Everton's 'upgrade' ends up in Koeman exit
By Simon Evans
MANCHESTER, England (Reuters) - This was supposed to be the season when Ronald Koeman guided Everton into the "big six" but after nine games and with the club 18th in the Premier League the Dutchman is heading out of the exit door.
After substantial investment in new recruits during the off-season, Everton's expectations were raised but the performances have been so poor that Koeman may well have departed even if the goal was simply to repeat last season's seventh place.
The Merseyside club were beaten 5-2 at home by Arsenal on Sunday, following a 2-1 home loss at Goodison Park to Lyon in the Europa League.
Those defeats might have been tolerated had they not followed the disappointment of a 1-0 home loss to Burnley and a September which included 3-0 losses to Tottenham Hotspur and Atalanta and a 4-0 drubbing at Manchester United.
For the truth is that far from progressing this season, Everton have taken a dramatic step backwards.
Koeman joined after in 2016 after guiding Southampton to seventh and sixth place in his two years at St Mary's.
Before coming to England, Koeman finished in the top three in the Dutch league in all three of his seasons with Feyenoord. He had previously won the Eredivisie with Ajax and PSV Eindhoven
The only major blemish on the 54-year-old's CV had been his brief spell at Valencia in Spain where he lasted 22 games and left the club in 16th place.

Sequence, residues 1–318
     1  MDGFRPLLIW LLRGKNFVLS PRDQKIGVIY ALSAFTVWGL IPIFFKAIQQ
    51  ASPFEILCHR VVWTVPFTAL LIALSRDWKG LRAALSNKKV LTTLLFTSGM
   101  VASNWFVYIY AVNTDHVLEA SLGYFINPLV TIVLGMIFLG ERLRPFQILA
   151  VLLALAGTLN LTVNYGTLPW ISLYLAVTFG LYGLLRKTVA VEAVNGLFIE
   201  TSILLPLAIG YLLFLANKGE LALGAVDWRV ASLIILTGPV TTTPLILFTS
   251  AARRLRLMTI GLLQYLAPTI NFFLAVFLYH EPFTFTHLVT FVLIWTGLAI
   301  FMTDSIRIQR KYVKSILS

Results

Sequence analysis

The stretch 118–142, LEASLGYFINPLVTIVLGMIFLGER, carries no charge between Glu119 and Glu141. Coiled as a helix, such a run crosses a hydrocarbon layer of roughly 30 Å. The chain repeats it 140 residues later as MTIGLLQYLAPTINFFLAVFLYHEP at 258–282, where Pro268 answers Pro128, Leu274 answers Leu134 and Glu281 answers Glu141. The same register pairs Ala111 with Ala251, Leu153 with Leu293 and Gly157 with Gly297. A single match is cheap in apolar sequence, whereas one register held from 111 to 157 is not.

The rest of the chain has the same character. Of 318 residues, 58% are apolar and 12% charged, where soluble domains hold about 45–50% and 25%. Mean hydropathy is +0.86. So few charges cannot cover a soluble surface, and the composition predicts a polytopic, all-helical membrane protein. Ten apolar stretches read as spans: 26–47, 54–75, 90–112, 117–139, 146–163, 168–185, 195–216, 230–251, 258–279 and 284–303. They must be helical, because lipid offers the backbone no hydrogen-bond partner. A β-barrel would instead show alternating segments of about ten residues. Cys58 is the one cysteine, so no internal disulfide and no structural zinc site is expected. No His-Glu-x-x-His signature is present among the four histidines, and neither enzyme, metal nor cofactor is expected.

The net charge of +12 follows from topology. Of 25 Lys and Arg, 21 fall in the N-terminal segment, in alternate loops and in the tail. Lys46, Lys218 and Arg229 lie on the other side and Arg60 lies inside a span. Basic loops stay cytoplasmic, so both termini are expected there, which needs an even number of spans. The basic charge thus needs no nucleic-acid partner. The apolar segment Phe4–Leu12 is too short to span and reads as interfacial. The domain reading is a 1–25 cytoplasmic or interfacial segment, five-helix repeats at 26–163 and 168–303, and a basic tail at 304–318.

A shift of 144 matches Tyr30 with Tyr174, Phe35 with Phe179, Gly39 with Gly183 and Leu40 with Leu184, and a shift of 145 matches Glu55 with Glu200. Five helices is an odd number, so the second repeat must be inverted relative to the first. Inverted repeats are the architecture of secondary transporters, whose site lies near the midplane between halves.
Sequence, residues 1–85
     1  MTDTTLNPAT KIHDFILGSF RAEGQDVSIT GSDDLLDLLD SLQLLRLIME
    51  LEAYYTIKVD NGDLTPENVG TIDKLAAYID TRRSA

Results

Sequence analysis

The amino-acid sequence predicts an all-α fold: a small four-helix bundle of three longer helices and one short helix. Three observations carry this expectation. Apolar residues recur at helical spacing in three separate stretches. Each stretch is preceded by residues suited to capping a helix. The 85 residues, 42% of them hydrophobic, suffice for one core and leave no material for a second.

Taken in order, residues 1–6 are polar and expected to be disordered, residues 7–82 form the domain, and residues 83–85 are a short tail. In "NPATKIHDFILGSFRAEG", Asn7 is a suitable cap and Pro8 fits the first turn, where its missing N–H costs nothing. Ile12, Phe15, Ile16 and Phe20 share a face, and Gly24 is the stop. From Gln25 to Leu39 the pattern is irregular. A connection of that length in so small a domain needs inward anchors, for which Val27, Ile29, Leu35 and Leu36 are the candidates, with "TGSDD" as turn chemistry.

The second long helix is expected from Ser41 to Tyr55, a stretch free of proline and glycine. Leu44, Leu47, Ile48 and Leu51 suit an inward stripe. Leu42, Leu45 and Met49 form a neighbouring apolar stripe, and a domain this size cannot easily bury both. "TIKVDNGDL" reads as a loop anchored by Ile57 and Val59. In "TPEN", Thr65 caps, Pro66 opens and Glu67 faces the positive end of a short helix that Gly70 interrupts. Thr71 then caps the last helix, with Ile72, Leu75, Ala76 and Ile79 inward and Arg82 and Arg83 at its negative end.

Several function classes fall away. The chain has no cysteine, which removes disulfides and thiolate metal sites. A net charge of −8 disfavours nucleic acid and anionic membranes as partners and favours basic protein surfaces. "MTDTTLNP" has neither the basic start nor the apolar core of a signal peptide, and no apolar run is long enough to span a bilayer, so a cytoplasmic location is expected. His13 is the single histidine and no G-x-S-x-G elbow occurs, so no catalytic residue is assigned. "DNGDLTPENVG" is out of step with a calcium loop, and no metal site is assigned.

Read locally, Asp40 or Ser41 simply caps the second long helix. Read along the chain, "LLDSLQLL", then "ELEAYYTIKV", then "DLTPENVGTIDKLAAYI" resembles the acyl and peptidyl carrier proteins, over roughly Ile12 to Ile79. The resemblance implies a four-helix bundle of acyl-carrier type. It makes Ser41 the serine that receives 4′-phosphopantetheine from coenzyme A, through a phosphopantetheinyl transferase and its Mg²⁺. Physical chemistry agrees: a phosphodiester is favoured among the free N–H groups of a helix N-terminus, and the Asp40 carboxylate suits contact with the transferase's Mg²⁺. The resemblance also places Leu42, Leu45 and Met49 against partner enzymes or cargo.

That pedigree, combined with a willingness to blood young players, made Koeman an excellent choice for Everton as they looked to progress as a club while bringing through a talented generation from their development squad.
But the latest transfer dealings, in which the club spent 149 million pounds ($197 million) but also sold top scorer Romelu Lukaku to Manchester United for 75 million, undid the solid start the Dutchman had made in his first season.
The club did not spend any of their money on directly replacing Lukaku with a proven spearhead likely to bag 20 goals a season - instead spreading it around as they brought in nine new players.
The mistakes in the market were all too evident against Arsenal, the line-up overloaded with attacking midfielders in Gylfi Sigurdsson, Nikola Vlasic and Wayne Rooney and only Idrissa Gueye, sent off in the second half, capable of defensive midfield work.
Up front, young striker Dominic Calvert-Lewin was left to lead the line alone, a role unsuited to a promising but still developing 20-year-old.
Another summer recruit, attacking midfielder Davy Klaassen who was signed from Ajax for 24 million pounds, sat on the bench having failed to impress.
A solid midfield organiser and a real centre-forward, were sorely missing from the formation and whether it was Koeman who was primarily responsible for the recruitment or Director of Football Steve Walsh, the muddled dealings have been at the heart of Everton's problems.
Everton face the tough task of finding someone who can sort out the squad, discard unwanted players and fill the obvious gaps - all while ensuring they climb away from the relegation zone.
($1 = 0.7577 pounds)
(Reporting by Simon Evans, editing by Ed Osmond)